The Health Benefits of Drinking Red Wine

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We are often being told that red wine is good for our health, but do we really know why?

In countries where red wine is consumed in larger quantities, such as Italy and France, there is less of a problem of heart disease and fatal strokes. Whereas, in countries like North America and the United Kingdom, where red wine is consumed in smaller quantities the problem is considerably higher. The reason for this is down to chemicals in the red wine which include polyphenols. Polyphenols are antioxidants, and are found in a number of different sources, including grapes/wine, as well as beer, tea, coffee, olive oil, chocolate/cocoa, peanuts, and several other fruits and vegetables.

The skin of the red grape, (and so a constituent of red wine), contains Resveratrol which is a phytoalexin or naturally occurring antibiotic. This is produced when the plant is being attacked by bacteria or fungi, and is a vital antioxidant to the cardiovascular system. These antioxidants work by helping to reduce the damage from oxygen, caused by substances called free radicals, which can lead to cell dysfunction and the onset of heart disease and diabetes. Resveratrol is known to help increase the levels of HDL or good cholesterol, while trials are on-going as to its anti-cancer properties.

Is all cholesterol bad?

No, the body needs cholesterol, it is vital to ensure normal function. Without it, the body would not work, however, high levels in the blood system are associated with atherosclerosis, which is the main cause of coronary heart disease. The cholesterol is carried around the body by proteins called lipoproteins.

The two main types of lipoproteins are LDL and HDL:

  1. LDL – low-density lipoprotein – is the bad, damaging type of cholesterol.
    Having excessive LDL cholesterol in your blood can increase your risk of cardiovascular disease. The risk is worse if you have higher levels of LDL cholesterol with a lower level of HDL cholesterol. If you are at risk of developing heart disease and your LDL level is 100 mg/dL or higher, your cholesterol could be too high.
  2. HDL – high-density lipoprotein – is a good, protective type of cholesterol.
    HDL stops cholesterol build up in the walls of the arteries. If the level of HDL cholesterol is below 40 mg/dL, your risk from heart disease is much greater. The higher your levels of HDL cholesterol, the better. The average for men is around 45 mg/dL, and for women 55 mg/dL.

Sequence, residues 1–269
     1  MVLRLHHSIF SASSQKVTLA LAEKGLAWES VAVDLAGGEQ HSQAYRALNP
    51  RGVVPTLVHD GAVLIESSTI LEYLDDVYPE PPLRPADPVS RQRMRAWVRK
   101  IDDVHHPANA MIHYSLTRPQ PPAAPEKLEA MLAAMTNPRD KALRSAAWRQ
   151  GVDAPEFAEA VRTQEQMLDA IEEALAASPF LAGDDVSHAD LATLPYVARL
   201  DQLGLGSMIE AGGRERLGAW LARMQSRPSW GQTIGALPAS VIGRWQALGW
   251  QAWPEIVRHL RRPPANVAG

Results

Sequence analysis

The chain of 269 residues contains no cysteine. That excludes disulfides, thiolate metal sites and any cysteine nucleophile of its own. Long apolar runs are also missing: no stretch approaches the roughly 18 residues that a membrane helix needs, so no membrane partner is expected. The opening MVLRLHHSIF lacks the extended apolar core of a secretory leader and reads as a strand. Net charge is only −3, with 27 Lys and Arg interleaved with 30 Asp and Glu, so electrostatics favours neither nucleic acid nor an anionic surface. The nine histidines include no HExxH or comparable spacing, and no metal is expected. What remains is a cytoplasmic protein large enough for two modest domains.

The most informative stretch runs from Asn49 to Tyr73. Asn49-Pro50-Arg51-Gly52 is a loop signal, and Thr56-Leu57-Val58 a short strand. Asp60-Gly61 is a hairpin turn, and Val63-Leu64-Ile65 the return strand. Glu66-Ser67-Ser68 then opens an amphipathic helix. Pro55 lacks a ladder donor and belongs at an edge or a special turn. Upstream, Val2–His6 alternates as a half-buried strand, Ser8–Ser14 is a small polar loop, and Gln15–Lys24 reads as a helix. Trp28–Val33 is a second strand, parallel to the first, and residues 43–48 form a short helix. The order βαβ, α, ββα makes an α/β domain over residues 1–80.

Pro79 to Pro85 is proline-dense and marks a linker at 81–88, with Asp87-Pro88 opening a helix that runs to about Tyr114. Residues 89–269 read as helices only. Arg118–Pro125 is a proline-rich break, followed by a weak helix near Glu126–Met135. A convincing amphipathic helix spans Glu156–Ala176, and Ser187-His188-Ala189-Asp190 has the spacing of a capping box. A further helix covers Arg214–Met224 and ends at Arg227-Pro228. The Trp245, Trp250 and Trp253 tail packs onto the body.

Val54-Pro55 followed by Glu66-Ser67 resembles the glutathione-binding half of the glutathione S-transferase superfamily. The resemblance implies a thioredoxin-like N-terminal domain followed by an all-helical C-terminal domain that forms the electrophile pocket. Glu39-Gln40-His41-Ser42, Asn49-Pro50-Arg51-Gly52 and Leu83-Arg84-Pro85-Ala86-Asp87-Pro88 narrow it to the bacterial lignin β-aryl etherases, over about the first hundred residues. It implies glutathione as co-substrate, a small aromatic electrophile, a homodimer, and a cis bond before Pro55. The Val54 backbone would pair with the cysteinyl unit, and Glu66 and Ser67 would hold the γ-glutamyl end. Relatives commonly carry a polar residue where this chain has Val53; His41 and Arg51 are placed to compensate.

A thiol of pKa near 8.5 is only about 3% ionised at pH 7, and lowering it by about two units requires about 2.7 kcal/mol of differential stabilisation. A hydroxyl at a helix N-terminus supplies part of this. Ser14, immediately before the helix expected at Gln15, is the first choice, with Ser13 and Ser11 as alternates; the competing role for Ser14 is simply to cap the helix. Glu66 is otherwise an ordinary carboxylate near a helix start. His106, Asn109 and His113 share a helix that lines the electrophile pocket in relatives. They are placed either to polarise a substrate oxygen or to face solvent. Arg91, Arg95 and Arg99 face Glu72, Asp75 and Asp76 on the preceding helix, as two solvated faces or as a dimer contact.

Cholesterol, food and red wine.

A major misconception many people have is that most food is full of cholesterol. This is not so, there is actually very little cholesterol found in foods. Those to be wary of are eggs, shellfish and offal. The type of fat in the food is the key, so when you choose a food, ensure that it contains unsaturated fat and not saturated fat.

Saturated fat (the bad fat) is found mainly in animal products such as sausages, butter, lard, bacon, pies, biscuits, cakes and pastries. This the fat that we need to cut down on. Excessive saturated fat raises cholesterol levels, increasing the risk of heart disease and stroke.

Unsaturated fat, (the good fat), is found in oily fish such as mackerel, salmon, and fresh tuna, sunflower and olive oils, and nuts and avocados. These fats can greatly reduce cholesterol levels. Many of us need to cut down on the bad animal fats, and where possible replace them with a foodstuff high in polyunsaturated fat. By doing this, and having the occasional glass of red wine we will improve our health dramatically.

But remember, always drink your red wine in moderation, one glass of red wine for women and two glasses for men will lower the risks involved with heart attacks by between 30 and 50 percent. And of course take plenty of exercise.

Some of the varieties of red wine I would recommend are Cabernet Sauvignon, Pinot Noir, Merlot and Shiraz.

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Source by Rob Hemphill

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